Simply put, Lee Raymond built ExxonMobil into an oil powerhouse
He started his career at Standard Oil/Exxon in 1963 and worked his way up the ranks, becoming CEO of Exxon in 1993. He led the company through its 1999 merger with Mobil, making ExxonMobil the world's largest publicly held oil company at the time.
When Raymond retired in January 2006, ExxonMobil had annual revenue of $371 billion and net income of $36.1 billion, a record in U.S. corporate history. Exxon's earnings were greater than the combined profit of the next five largest public companies ranked by revenue. Investors cheered as ExxonMobil's stock soared about 300 percent during his time at the helm.
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Raymond is often recognized for his record of financial discipline and operational management as Exxon CEO, but he also saw the company through one of its most difficult periods. In 1989, the Exxon Valdez hit a reef off the Alaskan coast and spilled 11 million gallons of oil. Until BP's Deepwater Horizon explosion in 2010, the Exxon Valdez disaster was the largest oil spill in history. The cleanup took three years.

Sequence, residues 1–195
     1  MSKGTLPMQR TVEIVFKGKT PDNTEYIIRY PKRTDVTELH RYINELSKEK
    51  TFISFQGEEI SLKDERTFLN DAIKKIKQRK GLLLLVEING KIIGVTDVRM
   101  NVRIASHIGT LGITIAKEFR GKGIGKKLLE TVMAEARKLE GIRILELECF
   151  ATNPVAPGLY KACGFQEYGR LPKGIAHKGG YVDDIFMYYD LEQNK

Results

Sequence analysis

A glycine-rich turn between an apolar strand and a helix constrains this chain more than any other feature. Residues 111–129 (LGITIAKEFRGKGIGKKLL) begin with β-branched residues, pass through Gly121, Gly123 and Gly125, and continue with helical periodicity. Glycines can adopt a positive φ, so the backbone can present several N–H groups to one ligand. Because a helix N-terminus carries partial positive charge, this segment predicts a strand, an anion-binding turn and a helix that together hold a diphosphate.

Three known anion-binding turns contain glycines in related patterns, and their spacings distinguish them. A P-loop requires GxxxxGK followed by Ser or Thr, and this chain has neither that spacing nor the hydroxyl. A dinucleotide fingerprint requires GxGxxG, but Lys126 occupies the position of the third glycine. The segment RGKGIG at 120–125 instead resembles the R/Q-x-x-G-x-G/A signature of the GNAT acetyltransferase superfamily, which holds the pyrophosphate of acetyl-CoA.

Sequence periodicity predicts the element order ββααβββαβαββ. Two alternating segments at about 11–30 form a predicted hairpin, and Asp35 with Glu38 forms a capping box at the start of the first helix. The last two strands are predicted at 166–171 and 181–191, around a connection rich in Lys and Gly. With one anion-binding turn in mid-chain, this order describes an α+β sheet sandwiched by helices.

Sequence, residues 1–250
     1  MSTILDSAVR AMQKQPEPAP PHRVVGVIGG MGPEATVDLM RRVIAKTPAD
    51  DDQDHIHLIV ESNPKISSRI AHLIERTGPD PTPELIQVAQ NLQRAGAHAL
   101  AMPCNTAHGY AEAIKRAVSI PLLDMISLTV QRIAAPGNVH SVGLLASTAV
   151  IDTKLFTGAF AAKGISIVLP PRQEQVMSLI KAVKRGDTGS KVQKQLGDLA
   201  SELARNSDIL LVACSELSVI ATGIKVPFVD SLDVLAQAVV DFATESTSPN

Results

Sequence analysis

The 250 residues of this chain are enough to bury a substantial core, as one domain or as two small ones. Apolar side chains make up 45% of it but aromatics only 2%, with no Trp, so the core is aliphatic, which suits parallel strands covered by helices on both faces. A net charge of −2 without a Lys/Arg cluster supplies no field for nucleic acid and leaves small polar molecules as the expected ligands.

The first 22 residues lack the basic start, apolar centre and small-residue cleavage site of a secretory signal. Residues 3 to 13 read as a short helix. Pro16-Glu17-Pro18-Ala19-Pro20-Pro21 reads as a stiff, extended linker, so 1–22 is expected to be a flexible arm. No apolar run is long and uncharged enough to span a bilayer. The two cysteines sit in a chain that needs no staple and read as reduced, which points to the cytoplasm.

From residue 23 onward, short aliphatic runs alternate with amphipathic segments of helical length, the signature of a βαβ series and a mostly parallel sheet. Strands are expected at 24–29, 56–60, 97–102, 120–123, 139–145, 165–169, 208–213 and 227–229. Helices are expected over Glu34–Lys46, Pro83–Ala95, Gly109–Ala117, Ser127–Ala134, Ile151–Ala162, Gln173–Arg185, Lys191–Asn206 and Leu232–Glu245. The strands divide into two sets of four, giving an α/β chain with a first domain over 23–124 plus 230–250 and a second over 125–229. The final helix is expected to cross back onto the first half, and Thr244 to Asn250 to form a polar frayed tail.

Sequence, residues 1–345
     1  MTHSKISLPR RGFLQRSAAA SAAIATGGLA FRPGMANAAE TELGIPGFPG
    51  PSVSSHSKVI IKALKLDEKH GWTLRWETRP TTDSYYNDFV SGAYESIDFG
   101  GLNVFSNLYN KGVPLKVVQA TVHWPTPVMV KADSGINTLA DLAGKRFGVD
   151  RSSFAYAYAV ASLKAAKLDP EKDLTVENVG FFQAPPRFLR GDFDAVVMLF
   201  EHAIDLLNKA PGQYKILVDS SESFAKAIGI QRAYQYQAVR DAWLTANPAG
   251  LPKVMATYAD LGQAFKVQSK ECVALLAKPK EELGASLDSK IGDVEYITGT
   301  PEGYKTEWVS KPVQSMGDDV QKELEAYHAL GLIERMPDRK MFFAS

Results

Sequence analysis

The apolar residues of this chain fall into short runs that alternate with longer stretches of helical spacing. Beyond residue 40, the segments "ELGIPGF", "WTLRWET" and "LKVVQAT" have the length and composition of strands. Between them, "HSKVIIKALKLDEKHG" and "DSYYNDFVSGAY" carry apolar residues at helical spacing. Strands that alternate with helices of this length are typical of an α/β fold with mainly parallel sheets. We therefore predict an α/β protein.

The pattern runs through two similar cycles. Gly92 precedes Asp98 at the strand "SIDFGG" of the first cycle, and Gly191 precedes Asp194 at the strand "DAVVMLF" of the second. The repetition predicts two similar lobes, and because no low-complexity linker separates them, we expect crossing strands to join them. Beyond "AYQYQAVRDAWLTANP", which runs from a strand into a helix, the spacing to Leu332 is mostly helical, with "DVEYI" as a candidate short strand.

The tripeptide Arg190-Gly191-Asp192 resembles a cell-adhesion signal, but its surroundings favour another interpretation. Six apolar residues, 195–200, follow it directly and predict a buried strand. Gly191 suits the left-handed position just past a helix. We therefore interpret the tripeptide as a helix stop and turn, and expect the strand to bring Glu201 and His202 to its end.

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While there is constant debate today about the impact of regulation on the growth of the energy industry, the fact is that laws and regulations that were adopted in the wake of the Exxon Valdez spill have likely prevented similar incidents from occurring, saving lives and preserving environments around the world.
Raymond led the company in the aftermath of one of the greatest corporate disasters of all time and helped it grow to be the world's largest publicly traded company.